With just five lawyers on its voting rights team, the ACLU had to draft its Election Day strategy more judiciously - deciding to send them to Philadelphia, Cleveland, Milwaukee, Miami and the last location most likely North Carolina.
"The state laws vary so much that you have to prepare for it. And the states where it's close, that's where the temptation will be greatest for voter intimidation tactics," said Dale Ho, the ACLU's voting rights director.
His lawyers are landing with restraining orders and injunctions pre-drafted and ready to be filed, he said. "It's like those fire tools behind the glass: 'Break in case of emergency'."
It remains unclear how widespread the much feared threat of voter intimidation is, or whether it will have materialised.
A group called Stop the Steal - run by longtime Republican operative and outside Trump adviser Roger Stone - recruited "vote protectors" to stand outside polling stations. As of yesterday, the group had signed up 3191 people pledging to do so.
"This is our best chance to stop the Democrats from stealing the election from Donald Trump. Help us fight a rigged system," the group said on its website.
Democrats have filed several lawsuits against the Republicans, and Stone's group accused them of planning voter intimidation. In an email last week, Stone called the lawsuit "bogus" and said that Stop the Steal "is conducting a neutral, scientifically based exit poll" that would only involve interviews after people cast ballots.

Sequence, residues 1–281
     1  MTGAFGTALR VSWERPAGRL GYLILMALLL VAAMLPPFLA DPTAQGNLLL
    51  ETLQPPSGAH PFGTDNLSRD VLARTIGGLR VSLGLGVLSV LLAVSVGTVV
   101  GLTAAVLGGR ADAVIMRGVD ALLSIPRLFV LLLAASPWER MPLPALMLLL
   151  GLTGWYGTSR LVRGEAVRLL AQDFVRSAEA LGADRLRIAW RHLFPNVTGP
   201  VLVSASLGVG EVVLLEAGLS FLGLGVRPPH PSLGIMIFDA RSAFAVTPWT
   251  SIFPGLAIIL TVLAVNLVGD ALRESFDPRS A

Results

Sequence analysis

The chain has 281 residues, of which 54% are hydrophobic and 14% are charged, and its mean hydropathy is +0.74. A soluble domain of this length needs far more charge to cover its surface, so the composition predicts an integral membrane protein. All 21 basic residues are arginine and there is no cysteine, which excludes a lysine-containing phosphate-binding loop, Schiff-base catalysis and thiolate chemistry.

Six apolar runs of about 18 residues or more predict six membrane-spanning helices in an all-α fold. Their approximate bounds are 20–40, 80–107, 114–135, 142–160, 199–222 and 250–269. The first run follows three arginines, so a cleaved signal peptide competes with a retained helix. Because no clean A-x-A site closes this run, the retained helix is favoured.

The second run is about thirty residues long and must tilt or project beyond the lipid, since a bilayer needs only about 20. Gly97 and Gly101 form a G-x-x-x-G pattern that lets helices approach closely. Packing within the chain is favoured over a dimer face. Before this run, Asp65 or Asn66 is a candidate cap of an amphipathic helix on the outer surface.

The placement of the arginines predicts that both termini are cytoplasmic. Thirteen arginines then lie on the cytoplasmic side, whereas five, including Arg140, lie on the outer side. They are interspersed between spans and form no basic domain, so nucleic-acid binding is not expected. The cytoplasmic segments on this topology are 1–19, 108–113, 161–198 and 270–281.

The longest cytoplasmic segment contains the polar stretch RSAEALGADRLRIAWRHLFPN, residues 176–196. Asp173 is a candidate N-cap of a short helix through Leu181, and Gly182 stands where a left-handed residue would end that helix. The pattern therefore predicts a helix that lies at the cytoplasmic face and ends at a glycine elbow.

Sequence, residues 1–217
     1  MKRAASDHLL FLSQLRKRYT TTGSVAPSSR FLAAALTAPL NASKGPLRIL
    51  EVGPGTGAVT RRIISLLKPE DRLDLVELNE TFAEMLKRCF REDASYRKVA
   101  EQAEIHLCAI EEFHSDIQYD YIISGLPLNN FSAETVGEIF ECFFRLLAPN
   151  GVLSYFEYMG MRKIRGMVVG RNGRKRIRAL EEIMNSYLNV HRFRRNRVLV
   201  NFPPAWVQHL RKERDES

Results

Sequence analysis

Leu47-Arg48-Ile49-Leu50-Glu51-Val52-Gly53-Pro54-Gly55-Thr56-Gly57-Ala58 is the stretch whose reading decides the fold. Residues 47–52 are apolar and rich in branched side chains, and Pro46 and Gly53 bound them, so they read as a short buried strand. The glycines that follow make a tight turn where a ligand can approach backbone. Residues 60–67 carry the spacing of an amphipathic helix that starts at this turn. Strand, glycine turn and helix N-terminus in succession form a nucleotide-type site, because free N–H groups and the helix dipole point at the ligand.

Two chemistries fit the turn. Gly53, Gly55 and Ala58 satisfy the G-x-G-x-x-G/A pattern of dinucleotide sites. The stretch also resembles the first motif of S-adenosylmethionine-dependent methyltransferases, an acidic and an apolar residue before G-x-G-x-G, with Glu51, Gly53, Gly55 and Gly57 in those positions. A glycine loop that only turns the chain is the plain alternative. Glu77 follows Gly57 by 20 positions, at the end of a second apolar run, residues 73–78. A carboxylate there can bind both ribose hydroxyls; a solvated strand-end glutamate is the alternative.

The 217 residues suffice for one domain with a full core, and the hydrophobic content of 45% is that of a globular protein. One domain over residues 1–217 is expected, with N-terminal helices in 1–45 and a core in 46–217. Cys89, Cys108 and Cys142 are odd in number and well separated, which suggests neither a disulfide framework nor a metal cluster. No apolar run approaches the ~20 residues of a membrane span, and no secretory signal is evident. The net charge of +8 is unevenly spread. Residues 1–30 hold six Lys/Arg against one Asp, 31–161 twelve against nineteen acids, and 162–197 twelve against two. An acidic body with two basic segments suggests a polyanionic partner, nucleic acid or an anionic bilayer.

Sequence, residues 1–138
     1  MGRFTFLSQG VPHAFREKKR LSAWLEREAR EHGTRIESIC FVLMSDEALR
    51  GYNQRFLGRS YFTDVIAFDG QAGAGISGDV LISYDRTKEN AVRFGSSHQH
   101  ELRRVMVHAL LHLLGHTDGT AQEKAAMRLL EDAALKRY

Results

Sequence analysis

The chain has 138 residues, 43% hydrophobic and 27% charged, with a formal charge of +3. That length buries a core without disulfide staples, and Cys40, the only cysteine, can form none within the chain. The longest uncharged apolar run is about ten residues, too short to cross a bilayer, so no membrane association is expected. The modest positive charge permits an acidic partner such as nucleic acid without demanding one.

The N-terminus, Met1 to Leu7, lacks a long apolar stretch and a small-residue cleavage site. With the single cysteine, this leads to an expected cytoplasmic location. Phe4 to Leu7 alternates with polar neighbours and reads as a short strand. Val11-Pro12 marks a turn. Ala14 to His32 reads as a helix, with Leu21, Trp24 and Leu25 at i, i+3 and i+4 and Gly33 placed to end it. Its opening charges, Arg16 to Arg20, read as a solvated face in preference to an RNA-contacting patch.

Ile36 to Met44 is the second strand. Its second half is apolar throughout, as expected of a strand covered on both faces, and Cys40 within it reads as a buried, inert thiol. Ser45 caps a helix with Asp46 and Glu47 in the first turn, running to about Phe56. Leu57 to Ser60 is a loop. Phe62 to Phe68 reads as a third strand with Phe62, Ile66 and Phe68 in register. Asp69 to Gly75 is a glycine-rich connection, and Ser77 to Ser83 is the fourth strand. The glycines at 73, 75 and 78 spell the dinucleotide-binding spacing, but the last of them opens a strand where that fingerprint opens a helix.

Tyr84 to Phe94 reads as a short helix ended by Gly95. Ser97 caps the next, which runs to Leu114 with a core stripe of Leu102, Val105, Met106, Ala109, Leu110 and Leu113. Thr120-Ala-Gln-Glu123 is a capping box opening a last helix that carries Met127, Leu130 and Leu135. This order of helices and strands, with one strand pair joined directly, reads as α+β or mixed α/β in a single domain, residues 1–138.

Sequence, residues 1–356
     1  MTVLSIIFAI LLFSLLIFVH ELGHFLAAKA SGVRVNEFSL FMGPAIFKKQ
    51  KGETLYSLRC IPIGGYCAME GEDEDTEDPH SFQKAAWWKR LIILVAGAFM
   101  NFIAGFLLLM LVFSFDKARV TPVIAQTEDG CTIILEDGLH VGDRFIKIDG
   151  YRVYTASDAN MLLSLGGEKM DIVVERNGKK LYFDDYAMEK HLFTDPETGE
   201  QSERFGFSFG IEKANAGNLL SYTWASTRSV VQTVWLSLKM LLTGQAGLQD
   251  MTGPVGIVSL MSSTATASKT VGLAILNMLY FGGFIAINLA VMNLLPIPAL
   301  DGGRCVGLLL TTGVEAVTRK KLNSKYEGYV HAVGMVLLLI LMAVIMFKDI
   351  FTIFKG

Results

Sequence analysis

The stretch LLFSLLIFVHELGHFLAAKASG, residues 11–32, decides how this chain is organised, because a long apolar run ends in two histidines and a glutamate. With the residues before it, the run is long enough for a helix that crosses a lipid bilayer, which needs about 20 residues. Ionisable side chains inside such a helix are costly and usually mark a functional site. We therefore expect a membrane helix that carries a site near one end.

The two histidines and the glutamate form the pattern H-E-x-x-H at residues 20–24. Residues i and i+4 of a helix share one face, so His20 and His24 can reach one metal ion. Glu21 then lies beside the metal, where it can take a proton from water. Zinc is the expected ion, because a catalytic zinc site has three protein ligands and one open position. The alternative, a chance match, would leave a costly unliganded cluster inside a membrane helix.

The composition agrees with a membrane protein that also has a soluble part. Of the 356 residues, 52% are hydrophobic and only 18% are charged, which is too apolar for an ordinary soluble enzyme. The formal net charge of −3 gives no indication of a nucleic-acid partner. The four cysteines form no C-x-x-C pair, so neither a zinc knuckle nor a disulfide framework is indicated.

The cases have added to the unusually heavy flood of last-minute legal battles over issues such as voters being purged from rolls, registration deadlines and election access.
During early voting in Florida, Trump supporters were videotaped using bullhorns to shout at Clinton supporters and voters outside a polling site in West Palm Beach. Video posted online showed a Trump supporter yelling, "How many Syrian refugees, Muslim refugees, are you taking into your home?"
Voting advocates complained to authorities, who then ordered the individuals to move farther away from the polling site.
Election officials in several states said the potential for clashes had caused them to step up coordination with police ahead of today's vote. And many state authorities were already on alert after federal officials warned of a vague possible threat of a pre-election attack by al-Qaeda as well as the possibility of Russian hackers trying to sow disinformation.
Some were worried that more mundane problems could wreak havoc. New voting restrictions - including some laws requiring photo ID - are in place for the first time in more than a dozen states, sowing potential for confusion.
And legal fights over the laws have complicated the matter further. In Texas for example, after a federal court ruled that the state's voter ID law discriminated against minorities, fliers remained up at some polling places, warning voters that photo ID was required.
With all there is to worry about, voting advocates had one more concern to add to the pile: That some voters would be discouraged enough to stay home.
"I'm worried about the worrying," said Wendy Weiser, an election expert at the nonpartisan Brennan Centre.
"There's so much anxiety across the country. You have many people worried for the first time about the integrity of our election system, which is actually pretty good. You have people talking about needing to watch other people as they watch voters. It's crazy."